A day or so later, I met my publisher, a kindly and much loved fellow named Larry Finlay, for lunch in London, to discuss a subject for my next book. Larry lives in quiet dread that I will suggest some ludicrously uncommercial topic — a biography of Mamie Eisenhower, perhaps, or something on Canada — and so always tries to head me off with an alternative suggestion.
“Do you know,” he said, “it’s twenty years since you wrote ‘Notes From a Small Island?’ ”
“Really?” I replied, amazed at how much past one can accumulate without any effort at all.
“Ever thought about a sequel?” His tone was casual, but in his eyes I could see little glinting pound signs where his irises normally were.
I considered for a moment. “Actually there is a certain timeliness to that,” I said. “I’m just about to take out British citizenship, you know.”
“Really?” Larry said. The pound signs brightened and began to pulsate ever so slightly. “You’re giving up your American citizenship?”
“No, I keep it. I’ll have British and American both.”
Larry was suddenly racing ahead. Marketing plans were forming in his head. Underground posters — not the really big ones, the much smaller kind — were springing to mind. “You can take stock of your new country,” he said.
“I don’t want to end up going back to all the same places and writing about all the same things.”
“Then go to different places,” Larry agreed. “Go to” — he searched for a name to nominate, somewhere no one’s ever been — “Bognor Regis.”
I looked at him with interest. “That’s the second reference I have heard to Bognor Regis this week,” I said.
“Think of it as a sign,” Larry said.
Later that afternoon, at home, I pulled out my ancient and falling-apart AA Complete Atlas of Britain (so old that it shows the M25 as a dotted aspiration) just to have a look. Apart from anything else I was curious to see what is the longest distance you can travel in Britain in a straight line. It is most assuredly not from Land’s End to John o’Groats, despite what my official study guide had said. (What it said, for the record, is: “The longest distance on the mainland is from John o’Groats on the north coast of Scotland to Land’s End in the south-west corner of England. It is about 870 miles.”) For one thing, the northernmost outcrop of mainland is not John o’Groats but Dunnet Head, eight miles to the west, and at least six other nubbins of land along that same stretch of coastline are more northerly than John o’Groats. But the real issue is that a journey from Land’s End to John o’Groats would require a series of zigzags. If you allow zigzags, then you could carom about the country in any pattern you wished and thus make the distance effectively infinite. I wanted to know what was the furthest you could travel in a straight line without crossing salt water. Laying a ruler across the page, I discovered to my surprise that the ruler tilted away from Land’s End and John o’Groats, like a deflected compass needle. The longest straight line actually started at the top left-hand side of the map at a lonely Scottish promontory called Cape Wrath. The bottom, even more interestingly, went straight through Bognor Regis.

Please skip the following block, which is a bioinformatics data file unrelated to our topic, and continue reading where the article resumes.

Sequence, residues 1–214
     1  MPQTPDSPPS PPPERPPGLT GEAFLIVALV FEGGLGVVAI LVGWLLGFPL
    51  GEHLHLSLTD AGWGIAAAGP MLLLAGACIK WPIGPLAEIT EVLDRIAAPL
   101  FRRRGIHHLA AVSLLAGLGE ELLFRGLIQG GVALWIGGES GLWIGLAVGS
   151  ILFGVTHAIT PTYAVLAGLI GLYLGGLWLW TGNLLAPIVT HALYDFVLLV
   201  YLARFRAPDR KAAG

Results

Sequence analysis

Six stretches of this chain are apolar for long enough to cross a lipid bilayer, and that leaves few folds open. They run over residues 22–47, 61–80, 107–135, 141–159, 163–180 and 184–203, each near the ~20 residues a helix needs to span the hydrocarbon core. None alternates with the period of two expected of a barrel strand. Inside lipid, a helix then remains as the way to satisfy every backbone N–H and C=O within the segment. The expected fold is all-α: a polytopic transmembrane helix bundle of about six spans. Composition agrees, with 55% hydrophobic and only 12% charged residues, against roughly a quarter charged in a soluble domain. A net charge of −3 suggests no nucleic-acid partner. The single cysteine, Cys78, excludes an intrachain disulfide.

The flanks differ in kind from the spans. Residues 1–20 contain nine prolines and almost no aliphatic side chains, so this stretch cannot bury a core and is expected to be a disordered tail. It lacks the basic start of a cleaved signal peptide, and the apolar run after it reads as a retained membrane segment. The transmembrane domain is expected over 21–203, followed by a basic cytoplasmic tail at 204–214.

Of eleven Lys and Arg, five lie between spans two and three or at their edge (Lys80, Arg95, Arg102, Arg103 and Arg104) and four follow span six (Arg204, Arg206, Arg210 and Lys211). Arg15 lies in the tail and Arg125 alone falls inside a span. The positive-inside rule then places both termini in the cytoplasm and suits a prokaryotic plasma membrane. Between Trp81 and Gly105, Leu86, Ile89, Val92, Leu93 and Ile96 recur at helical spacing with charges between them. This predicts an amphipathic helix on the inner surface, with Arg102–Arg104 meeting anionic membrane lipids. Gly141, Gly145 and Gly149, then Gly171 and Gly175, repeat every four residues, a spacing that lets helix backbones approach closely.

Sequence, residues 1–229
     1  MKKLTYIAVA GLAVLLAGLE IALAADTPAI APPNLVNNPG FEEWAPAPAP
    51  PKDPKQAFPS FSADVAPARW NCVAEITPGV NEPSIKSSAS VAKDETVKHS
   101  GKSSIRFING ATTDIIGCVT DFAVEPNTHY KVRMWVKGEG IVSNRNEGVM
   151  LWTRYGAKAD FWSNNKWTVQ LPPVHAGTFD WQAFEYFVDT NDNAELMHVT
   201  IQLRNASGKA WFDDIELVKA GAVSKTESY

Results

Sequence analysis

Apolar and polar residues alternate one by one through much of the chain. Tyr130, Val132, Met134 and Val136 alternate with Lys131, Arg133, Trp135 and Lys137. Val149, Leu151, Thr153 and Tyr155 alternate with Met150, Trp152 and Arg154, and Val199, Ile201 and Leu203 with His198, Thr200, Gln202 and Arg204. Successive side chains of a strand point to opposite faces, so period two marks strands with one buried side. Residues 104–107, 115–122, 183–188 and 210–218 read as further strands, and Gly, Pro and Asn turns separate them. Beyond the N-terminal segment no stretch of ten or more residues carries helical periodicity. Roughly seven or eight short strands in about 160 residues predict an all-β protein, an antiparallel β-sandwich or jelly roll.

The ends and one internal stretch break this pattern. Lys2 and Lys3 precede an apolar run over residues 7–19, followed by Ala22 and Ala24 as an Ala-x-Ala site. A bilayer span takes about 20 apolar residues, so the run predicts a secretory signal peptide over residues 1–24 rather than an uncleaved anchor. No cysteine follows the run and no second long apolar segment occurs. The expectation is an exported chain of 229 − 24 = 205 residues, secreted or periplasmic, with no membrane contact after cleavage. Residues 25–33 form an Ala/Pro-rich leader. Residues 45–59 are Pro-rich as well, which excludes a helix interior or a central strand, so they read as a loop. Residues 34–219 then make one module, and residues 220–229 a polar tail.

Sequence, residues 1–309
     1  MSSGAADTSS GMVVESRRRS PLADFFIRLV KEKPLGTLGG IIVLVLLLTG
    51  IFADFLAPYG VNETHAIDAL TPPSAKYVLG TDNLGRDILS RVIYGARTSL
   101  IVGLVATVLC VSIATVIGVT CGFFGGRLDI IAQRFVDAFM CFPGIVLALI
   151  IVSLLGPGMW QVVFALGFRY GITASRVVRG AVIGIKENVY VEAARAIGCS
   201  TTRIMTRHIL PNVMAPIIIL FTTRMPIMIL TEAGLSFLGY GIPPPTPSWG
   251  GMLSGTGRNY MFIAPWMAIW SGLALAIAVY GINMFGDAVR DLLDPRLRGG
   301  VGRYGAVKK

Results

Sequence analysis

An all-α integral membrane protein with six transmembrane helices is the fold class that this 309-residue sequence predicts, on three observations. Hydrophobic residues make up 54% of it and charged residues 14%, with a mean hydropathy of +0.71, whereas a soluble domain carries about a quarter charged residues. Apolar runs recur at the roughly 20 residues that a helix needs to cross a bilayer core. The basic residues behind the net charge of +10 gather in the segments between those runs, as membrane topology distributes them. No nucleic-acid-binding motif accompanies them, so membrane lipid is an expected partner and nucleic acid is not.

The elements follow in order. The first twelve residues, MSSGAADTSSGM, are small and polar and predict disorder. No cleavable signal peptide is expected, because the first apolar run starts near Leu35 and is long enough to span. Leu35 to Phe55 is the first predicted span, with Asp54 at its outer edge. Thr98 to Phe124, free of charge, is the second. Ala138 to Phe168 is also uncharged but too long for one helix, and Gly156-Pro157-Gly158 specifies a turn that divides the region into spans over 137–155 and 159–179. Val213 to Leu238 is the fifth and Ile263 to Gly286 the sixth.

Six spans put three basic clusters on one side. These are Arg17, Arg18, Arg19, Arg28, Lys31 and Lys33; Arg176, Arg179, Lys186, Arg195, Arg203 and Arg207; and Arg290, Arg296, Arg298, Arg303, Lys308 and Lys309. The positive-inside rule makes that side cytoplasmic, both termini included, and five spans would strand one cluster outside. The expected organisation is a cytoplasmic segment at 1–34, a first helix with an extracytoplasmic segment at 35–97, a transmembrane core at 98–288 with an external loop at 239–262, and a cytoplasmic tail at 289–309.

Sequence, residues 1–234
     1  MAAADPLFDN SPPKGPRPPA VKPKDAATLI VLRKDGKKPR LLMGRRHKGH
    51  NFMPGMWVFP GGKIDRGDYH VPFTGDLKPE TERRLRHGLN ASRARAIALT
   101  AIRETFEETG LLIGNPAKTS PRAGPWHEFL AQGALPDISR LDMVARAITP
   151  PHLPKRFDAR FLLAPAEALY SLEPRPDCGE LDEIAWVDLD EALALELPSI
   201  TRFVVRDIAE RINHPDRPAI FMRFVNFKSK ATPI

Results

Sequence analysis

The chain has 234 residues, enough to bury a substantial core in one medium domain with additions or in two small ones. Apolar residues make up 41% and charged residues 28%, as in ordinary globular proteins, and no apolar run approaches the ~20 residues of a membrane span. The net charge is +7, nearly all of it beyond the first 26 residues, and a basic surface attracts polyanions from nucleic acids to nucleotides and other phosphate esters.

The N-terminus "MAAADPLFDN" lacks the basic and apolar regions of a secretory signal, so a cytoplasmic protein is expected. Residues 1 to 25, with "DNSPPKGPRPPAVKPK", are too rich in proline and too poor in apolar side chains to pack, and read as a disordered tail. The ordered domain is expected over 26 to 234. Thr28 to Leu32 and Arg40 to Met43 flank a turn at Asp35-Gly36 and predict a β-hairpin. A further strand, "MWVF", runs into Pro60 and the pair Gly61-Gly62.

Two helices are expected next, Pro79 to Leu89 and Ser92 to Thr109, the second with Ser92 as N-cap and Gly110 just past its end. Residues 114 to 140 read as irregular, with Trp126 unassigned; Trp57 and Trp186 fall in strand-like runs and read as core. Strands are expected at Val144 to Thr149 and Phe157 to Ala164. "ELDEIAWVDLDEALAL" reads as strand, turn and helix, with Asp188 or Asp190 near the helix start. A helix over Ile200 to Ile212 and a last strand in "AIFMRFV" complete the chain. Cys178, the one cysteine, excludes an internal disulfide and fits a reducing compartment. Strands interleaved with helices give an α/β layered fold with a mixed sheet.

Larry was right. It was a sign.
For the briefest of periods, I considered the possibility of travelling through Britain along my newly discovered line (the Bryson Line, as I would like it now to become generally known, since I was the one who discovered it), but I could see almost at once that that wouldn’t be practical or even desirable. It would mean, if I took it literally, going through people’s houses and gardens, tramping across trackless fields, and fording rivers, which was clearly crazy; and if I just tried to stay close to it, it would mean endlessly picking my way through suburban streets in places like Macclesfield and Wolverhampton, which didn’t sound terribly rewarding either. But I could certainly use the Bryson Line as a kind of beacon, to guide my way. I determined that I would begin and end at its terminal points, and visit it from time to time en route when I conveniently could and when I remembered to do so, but I wouldn’t force myself to follow it religiously. It would be, rather, my terminus ad quem, whatever exactly that means. Along the way, I would, as far as possible, avoid the places I went on the first trip (too much danger of standing on a corner and harrumphing at how things had deteriorated since I was last there) and instead focus on places I had never been, in the hope I could see them with fresh, unbiased eyes.
I particularly liked the idea of Cape Wrath. I know nothing about it — it could be a caravan park, for all I know — but it sounded rugged and wave-battered and difficult to get to, a destination for a serious traveller. When people asked me where I was bound, I could gaze towards the northern horizon with a set expression and say: “Cape Wrath, God willing.” I imagined my listeners giving a low whistle of admiration and replying, “Gosh, that’s a long way.” I would nod in grim acknowledgement. “Not even sure if there’s a tearoom,” I would add.
But before that distant adventure, I had hundreds of miles of historic towns and lovely countryside to get through, and a visit to the celebrated English seaside at Bognor.
Excerpted from “The Road to Little Dribbling” by Bill Bryson. Copyright © 2016 by Bill Bryson. Excerpted by permission of Doubleday, a division of Penguin Random House Inc. All rights reserved. No part of this excerpt may be reproduced or reprinted without permission in writing from the publisher.